Food Assistance Fact Sheet - Zimbabwe

Map of Zimbabwe
Map of Zimbabwe

May 22, 2018


  • Economic challenges and poor rainfall undermine food security in Zimbabwe. Nationally, 92 percent of households in Zimbabwe practice agriculture as their primary livelihood, according to the Zimbabwe Vulnerability Assessment Committee (ZimVAC). After multiple years of drought-reduced harvests, increased planting and good rains increased agricultural production in the first half of 2017, reducing the stress on many households and providing some households with sufficient food stocks to sustain themselves during the current poor agricultural season.
  • The Famine Early Warning Systems Network (FEWS NET) projects that due to a prolonged dry spell in December and January, limited livelihood activities, reduced incomes and shrinking food stocks, poor households in the southern, western and far northern regions will face Stressed (IPC 2) levels of food insecurity between May and July. FEWS NET anticipates Crisis (IPC 3) levels of food security through the 2019 harvest, as these households deplete their food stocks and face difficulty in procuring sufficient amounts of food from markets. Minimal (IPC 1) levels of food insecurity will likely continue in most northern and high crop producing areas through September 2018.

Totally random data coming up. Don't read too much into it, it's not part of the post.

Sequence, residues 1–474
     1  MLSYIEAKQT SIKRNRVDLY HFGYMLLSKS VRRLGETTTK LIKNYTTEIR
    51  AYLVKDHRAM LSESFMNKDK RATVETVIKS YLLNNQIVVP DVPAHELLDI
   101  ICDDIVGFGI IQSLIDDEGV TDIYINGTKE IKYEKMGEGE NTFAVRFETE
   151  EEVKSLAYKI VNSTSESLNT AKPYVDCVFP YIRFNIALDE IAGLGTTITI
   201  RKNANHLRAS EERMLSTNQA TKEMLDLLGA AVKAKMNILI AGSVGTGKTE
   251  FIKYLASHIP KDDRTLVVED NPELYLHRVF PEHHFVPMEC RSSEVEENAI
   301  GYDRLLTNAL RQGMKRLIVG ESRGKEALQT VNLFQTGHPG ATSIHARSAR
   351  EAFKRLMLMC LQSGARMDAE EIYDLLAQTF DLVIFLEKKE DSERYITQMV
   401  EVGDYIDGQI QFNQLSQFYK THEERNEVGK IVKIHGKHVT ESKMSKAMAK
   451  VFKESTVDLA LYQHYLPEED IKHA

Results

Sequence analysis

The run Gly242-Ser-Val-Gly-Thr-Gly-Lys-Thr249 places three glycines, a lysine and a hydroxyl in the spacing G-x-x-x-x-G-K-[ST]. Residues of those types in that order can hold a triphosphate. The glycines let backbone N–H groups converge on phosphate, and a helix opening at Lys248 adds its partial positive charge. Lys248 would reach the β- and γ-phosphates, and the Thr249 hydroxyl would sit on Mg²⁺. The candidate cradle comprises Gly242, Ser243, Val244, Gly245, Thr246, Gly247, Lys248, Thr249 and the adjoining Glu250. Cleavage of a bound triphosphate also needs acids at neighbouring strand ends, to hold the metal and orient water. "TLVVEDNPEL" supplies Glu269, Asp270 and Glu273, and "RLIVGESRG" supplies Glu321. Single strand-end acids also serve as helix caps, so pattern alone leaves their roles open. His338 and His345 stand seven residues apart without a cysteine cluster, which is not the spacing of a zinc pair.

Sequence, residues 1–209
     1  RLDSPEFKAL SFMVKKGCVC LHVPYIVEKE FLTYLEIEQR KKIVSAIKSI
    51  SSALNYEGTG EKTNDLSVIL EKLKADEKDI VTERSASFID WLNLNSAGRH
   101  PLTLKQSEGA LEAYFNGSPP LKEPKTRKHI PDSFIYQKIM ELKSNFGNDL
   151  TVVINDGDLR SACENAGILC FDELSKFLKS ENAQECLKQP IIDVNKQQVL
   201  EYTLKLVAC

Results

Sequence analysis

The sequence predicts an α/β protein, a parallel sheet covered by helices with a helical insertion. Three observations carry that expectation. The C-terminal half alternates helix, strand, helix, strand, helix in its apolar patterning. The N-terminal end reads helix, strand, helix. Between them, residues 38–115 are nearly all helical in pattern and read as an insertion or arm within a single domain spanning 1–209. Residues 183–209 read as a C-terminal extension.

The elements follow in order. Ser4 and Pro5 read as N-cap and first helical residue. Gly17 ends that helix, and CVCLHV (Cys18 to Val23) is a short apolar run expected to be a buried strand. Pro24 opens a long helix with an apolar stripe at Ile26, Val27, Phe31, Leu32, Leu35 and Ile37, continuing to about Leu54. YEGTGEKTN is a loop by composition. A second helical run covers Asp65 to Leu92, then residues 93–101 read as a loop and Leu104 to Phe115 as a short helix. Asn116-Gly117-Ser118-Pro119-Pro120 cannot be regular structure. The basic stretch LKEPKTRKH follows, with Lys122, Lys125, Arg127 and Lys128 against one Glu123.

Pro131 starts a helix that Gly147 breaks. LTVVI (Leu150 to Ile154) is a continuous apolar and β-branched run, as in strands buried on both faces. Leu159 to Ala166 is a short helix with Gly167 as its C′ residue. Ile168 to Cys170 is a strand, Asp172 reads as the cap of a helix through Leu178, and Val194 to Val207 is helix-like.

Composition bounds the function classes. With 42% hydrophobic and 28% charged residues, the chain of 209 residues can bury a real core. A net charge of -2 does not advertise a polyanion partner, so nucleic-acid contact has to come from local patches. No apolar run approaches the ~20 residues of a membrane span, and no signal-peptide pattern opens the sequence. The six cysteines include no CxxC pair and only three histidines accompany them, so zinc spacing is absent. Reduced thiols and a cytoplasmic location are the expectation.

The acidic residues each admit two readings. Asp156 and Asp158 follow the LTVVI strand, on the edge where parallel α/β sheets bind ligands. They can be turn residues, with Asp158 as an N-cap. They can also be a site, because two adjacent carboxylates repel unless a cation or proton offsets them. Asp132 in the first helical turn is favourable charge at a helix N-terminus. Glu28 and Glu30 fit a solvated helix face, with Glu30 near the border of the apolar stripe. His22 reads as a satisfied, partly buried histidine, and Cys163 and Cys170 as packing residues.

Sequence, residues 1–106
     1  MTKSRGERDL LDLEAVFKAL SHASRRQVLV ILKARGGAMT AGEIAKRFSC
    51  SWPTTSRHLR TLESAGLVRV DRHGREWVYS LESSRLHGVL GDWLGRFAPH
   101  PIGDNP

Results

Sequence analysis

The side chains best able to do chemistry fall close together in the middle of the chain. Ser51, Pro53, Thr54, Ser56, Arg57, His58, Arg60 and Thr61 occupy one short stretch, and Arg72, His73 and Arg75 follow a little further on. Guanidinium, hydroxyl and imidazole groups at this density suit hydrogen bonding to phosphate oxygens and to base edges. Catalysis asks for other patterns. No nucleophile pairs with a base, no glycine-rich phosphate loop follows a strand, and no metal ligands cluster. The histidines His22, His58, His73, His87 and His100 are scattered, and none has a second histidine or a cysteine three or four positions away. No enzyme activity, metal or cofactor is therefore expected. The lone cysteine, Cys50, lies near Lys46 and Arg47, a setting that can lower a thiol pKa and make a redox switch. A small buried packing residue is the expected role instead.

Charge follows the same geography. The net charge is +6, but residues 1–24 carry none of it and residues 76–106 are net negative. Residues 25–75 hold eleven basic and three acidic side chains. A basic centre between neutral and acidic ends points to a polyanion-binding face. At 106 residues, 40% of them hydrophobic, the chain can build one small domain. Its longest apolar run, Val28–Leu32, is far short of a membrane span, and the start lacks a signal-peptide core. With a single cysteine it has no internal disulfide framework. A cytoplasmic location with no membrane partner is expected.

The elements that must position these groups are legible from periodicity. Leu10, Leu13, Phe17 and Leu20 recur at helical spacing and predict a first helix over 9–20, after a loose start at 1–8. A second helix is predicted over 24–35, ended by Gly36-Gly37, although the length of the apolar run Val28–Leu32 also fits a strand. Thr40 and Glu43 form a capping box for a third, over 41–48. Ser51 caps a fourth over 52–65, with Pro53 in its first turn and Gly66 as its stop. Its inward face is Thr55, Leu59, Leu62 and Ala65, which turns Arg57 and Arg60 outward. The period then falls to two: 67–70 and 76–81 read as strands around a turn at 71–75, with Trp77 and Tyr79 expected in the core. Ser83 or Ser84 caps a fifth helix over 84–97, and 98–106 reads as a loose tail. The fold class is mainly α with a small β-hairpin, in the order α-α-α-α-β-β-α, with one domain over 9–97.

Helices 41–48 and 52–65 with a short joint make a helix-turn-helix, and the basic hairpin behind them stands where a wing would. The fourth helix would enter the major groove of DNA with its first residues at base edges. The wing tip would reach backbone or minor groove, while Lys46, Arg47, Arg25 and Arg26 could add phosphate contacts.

* The Integrated Food Security Phase Classification (IPC) is a standardized tool that aims to classify the severity and magnitude of food insecurity. The IPC scale, which is comparable across countries, ranges from Minimal (IPC 1) to Famine (IPC 5).


  • In anticipation of the heightened level of need during the 2018/2019 lean season, USAID’s Office of Food for Peace (FFP) provided the UN World Food Program (WFP) with nearly 5,000 metric tons of U.S. in-kind emergency food assistance in fiscal year (FY) 2018 to date, to assist more than 66,000 food-insecure people over a period of six months. Additionally, with FFP support, WFP provides cash-based transfers for food to more than 10,000 refugees from the Democratic Republic of the Congo, Burundi, Rwanda, Mozambique and the Horn of Africa living in Zimbabwe’s Tongogara Refugee Camp.
  • FFP also supports multi-year development activities through World Vision in Masvingo and Manicaland provinces and Cultivating New Frontiers in Agriculture in Matabeleland North and Matabeleland South provinces. These programs, begun in 2013, aim to improve the nutritional status of children under five, expand and diversify agricultural production, increase household income, and help communities prepare for disasters through risk-reduction activities. With FFP support, WFP also carries out productive asset creation programs to improve food security and income generation during the dry season. Through food- and cash-for-assets activities, FFP partners strengthen infrastructure—such as dams and irrigation systems—that increase households’ resilience to shocks and gradually reduce the need for seasonal food assistance.

Food for Peace Contributions

Total Contributions:

  U.S. Dollars Metric Tons

Fiscal Year 2018

$20.1 million 8,250 MT
Fiscal Year 2017

$56.8 million

40,922 MT

* Metric tonnage does not reflect funding for vouchers or cash transfers.

Country-Specific Guidance

Related Resources

Last updated: May 23, 2018

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